11. 11.

    Carlton JM, Adams JH, Silva JC, Bidwell SL, Lorenzi H, Caler E, et al. Comparative genomics of the neglected human malaria parasite Plasmodium vivax. Nature. 2008;455:757–63.

  12. 12.

    Gonzalez-Ceron L, Alvarado-Delgado A, Martinez-Barnetche J, Rodriguez MH, Ovilla-Munoz M, Perez F, et al. Sequence variation of ookinete surface proteins Pvs25 and Pvs28 of Plasmodium vivax isolates from southern Mexico and their association to local anophelines infectivity. Infect Genet Evol. 2010;10:645–54.

  13. 13.

    Joy DA, Gonzalez-Ceron L, Carlton JM, Gueye A, Fay M, McCutchan TF, et al. Local adaptation and vector-mediated population structure in Plasmodium vivax malaria. Mol Biol Evol. 2008;25:1245–52.

  14. 14.

    Collins WE, Skinner JC, Warren M, Richardson B. Studies on human malaria in Aotus monkey. VII. Comparative infectivity of two strains of Plasmodium vivax to Anopheles freeborni, A. maculatus, and for strains of A. albimanus. J Parasitol. 1976;62:190–4.

  15. 15.

    World Health Organization. Division of Malaria and Other Parasitic Diseases. Manual on practical entomology in malaria. 1995. http://www.who.int/iris/handle/10665/42481. Accessed 6 Nov 2018.

  16. 16.

    Wilkerson RC, Strickman D, Litwak TR. Illustrated key to the female anopheline mosquitoes of Central America and Mexico. J Am Mosq Control Assoc. 1990;6:7–34.

  17. 17.

    Villarreal C, Arredondo-Jimenez JI, Rodriguez MH, Ulloa A. Colonization of Anopheles pseudopunctipennis from Mexico. J Am Mosq Control Assoc. 1998;14:369–72.

  18. 18.

    Norma Oficial Mexicana NOM-062-ZOO-1999. Especificaciones técnicas para la producción, cuidado y uso de los animales de laboratorio. https://www.gob.mx/cms/uploads/attachment/file/203498/NOM-062-ZOO-1999_220801.pdf. Accessed 6 Nov 2018.

  19. 19.

    Gonzalez-Ceron L, Rodriguez MH, Santillan FV, Hernandez JE, Wirtz RA. Susceptibility of three laboratory strains of Anopheles albimanus (Diptera: Culicidae) to coindigenous Plasmodium vivax circumsporozoite protein phenotypes in southern Mexico. J Med Entomol. 2000;37:331–4.

  20. 20.

    Norma Oficial Mexicana NOM-032-SSA2-2002. Para la vigilancia epidemiológica, prevención y control de enfermedades transmitidas por vector. 2002. http://www.salud.gob.mx/unidades/cdi/nom/032ssa202.html. Accessed 6 Nov 2018.

  21. 21.

    Carter R, Nijhout MM. Control of gamete formation (exflagellation) in malaria parasites. Science. 1977;195:407–9.

  22. 22.

    Gonzalez-Ceron L, Rodriguez MH, Betanzos AF, Abadia A. Efficacy of a rapid test to diagnose Plasmodium vivax in symptomatic patients of Chiapas. Mexico. Salud Publica Mex. 2005;47:282–7 (In Spanish).

  23. 23.

    Ogwan’g RA, Mwangi JK, Githure J, Were JB, Roberts CR, Martin SK. Factors affecting exflagellation of in vitro-cultivated Plasmodium falciparum gametocytes. Am J Trop Med Hyg. 1993;49:25–9.

  24. 24.

    Kruskal WH, Wallis WA. Use of ranks in one-criterion variance analysis. J Am Statist Assoc. 1952;47:583–621.

  25. 25.

    McCullangh P, Nelder JA. Generalized Linear Models. 2nd edition. London and Harpenden: Chapman and Hall; 1983.

  26. 26.

    Shao J, Tu D. The Jackknife and Bootstrap. New York: Springer; 1995.

  27. 27.

    Tukey JW. Bias and confidence in not-quite large sample. Ann Math Statist. 1958;29:614.

  28. 28.

    Spearman C. The proof and measurement of association between two things. Am J Psychol. 1904;15:72–101.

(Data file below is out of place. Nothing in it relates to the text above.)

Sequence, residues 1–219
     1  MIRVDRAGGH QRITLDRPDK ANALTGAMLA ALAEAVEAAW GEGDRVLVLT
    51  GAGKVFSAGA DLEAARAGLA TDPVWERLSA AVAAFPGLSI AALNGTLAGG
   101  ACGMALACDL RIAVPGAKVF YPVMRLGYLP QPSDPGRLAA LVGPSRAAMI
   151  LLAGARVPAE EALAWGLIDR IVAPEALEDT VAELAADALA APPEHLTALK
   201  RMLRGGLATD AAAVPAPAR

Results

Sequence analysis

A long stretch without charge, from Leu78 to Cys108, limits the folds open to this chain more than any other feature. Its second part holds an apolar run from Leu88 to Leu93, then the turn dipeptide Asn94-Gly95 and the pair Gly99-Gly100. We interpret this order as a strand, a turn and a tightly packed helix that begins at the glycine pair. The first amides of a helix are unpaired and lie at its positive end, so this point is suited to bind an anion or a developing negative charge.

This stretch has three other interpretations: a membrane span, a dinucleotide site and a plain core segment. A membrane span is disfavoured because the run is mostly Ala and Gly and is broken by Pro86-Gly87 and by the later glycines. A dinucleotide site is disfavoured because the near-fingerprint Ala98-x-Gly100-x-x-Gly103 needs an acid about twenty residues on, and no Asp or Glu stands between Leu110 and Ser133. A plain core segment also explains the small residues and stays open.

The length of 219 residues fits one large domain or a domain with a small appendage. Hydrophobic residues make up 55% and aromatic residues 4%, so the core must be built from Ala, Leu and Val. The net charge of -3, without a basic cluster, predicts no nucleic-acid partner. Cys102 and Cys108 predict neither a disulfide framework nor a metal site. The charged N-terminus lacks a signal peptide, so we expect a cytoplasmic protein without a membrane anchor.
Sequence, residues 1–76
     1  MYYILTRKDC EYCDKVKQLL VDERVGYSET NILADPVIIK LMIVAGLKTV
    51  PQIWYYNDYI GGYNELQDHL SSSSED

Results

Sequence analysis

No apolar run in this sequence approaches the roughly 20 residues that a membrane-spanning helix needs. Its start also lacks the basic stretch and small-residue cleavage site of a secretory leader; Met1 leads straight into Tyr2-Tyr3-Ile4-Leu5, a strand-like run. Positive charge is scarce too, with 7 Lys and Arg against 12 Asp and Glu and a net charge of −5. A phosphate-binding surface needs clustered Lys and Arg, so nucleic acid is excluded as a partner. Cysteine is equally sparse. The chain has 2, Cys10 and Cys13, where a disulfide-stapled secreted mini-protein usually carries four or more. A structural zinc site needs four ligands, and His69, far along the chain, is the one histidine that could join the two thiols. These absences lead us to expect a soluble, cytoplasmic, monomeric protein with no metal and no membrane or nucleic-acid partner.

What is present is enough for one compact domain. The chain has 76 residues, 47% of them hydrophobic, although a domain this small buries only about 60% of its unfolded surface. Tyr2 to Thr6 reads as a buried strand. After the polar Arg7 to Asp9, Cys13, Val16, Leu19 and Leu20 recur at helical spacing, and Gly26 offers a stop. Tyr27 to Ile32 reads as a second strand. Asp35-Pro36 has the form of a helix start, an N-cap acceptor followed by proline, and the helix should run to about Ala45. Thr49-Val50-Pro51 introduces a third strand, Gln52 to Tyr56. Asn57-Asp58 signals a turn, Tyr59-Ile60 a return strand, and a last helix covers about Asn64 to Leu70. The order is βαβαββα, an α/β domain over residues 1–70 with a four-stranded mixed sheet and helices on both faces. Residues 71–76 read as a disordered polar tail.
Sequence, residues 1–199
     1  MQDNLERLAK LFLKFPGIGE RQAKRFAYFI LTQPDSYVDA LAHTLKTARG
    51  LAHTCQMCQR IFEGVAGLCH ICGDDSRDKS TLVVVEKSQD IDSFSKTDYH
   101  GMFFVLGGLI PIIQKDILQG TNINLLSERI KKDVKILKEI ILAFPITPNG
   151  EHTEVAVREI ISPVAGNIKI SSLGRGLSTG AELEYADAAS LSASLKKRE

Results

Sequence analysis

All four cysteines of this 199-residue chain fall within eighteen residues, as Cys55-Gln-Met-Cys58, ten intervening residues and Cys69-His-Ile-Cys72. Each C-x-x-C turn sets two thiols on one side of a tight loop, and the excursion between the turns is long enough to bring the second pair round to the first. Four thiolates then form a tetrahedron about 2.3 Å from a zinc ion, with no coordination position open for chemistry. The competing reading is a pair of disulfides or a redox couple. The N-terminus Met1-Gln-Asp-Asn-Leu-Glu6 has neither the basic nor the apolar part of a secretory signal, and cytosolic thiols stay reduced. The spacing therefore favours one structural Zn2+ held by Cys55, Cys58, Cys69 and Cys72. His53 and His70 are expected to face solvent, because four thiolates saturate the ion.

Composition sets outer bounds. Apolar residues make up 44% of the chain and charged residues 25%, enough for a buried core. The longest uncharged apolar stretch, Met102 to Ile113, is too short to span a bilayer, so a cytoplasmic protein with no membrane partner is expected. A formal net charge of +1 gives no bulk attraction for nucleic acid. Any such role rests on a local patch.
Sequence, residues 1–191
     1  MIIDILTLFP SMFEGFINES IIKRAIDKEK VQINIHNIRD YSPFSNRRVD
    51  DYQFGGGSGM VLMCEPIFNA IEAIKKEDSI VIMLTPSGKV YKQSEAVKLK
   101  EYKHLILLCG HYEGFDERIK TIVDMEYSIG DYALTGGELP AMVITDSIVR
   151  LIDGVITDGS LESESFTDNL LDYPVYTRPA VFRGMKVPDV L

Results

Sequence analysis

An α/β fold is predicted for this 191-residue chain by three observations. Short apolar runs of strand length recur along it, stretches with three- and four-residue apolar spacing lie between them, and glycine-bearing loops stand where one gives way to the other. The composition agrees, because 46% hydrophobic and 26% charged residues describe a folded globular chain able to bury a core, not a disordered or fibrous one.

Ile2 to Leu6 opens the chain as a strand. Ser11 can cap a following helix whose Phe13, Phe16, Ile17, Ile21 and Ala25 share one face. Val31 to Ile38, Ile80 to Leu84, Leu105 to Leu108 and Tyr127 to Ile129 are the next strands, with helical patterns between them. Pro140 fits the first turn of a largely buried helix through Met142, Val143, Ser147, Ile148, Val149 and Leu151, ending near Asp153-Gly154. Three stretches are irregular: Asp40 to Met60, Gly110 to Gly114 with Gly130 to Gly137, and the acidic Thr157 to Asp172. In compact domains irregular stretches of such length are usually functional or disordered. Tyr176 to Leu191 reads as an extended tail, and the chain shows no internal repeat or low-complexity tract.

29. 29.

    Ahumada ML, Orjuela LI, Pareja PX, Conde M, Cabarcas DM, Cubillos EF, et al. Spatial distributions of Anopheles species in relation to malaria incidence at 70 localities in the highly endemic northwest and South Pacific coast regions of Colombia. Malar J. 2016;15:407.

  30. 30.

    Gutiérrez LA, González JJ, Gómez GF, Castro MI, Rosero DA, Luckhart S, et al. Species composition and natural infectivity of anthropophilic Anopheles (Diptera: Culicidae) in the states of Córdoba and Antioquia, northwestern Colombia. Mem Inst Oswaldo Cruz. 2009;104:1117–24.

  31. 31.

    Lardeux F, Loayza P, Bouchité B, Chavez T. Host choice and human blood index of Anopheles pseudopunctipennis in a village of the Andean valleys of Bolivia. Malar J. 2007;6:8.

  32. 32.

    Naranjo-Diaz N, Rosero DA, Rua-Uribe G, Luckhart S, Correa MM. Abundance, behavior and entomological inoculation rates of anthropophilic anophelines from a primary Colombian malaria endemic area. Parasit Vectors. 2013;6:61.

  33. 33.

    Tellaeche AM. La evolución y la situación actual del paludismo en México. In: Kumate J, Martinez-Palomo A, editors. A cien años del descubrimiento de Ross. El paludismo en Mexico. Mexico city: Colegio Nacional; 1988. p. 209–226.

  34. 34.

    Warren M, Collins WE, Jeffery GM, Richardson BB. Anopheles pseudopunctipennis: laboratory maintenance and malaria susceptibility of a strain from El Salvador. Am J Trop Med Hyg. 1980;29:503–6.

  35. 35.

    Young MD, Porter JA, Johnson CM. Plasmodium vivax transmitted from man to monkey to man. Science. 1966;153:1006–7.

  36. 36.

    Warren M, Mason J, Hobbs J. Natural infections of Anopheles albimanus with Plasmodium in a small malaria focus. Am J Trop Med Hyg. 1975;24:545–6.

  37. 37.

    Jeffery GM, Burgess RW, Eyles DE. Susceptibility of Anopheles quadrimaculatus and A. albimanus to domestic and foreign strains of Plasmodium vivax. Am J Trop Med Hyg. 1954;3:821–4.

  38. 38.

    Li J, Collins WE, Wirtz RA, Rathore D, Lal A, McCutchan TF. Geographic subdivision of the range of the malaria parasite Plasmodium vivax. Emerg Infect Dis. 2001;7:35–42.

  39. 39.

    Achee NL, Korves CT, Bangs MJ, Rejmankova E, Lege M, Curtin D, et al. Plasmodium vivax polymorphs and Plasmodium falciparum circumsporozoite proteins in Anopheles (Diptera: Culicidae) from Belize. Central America. J Vector Ecol. 2000;25:203–11.

  40. 40.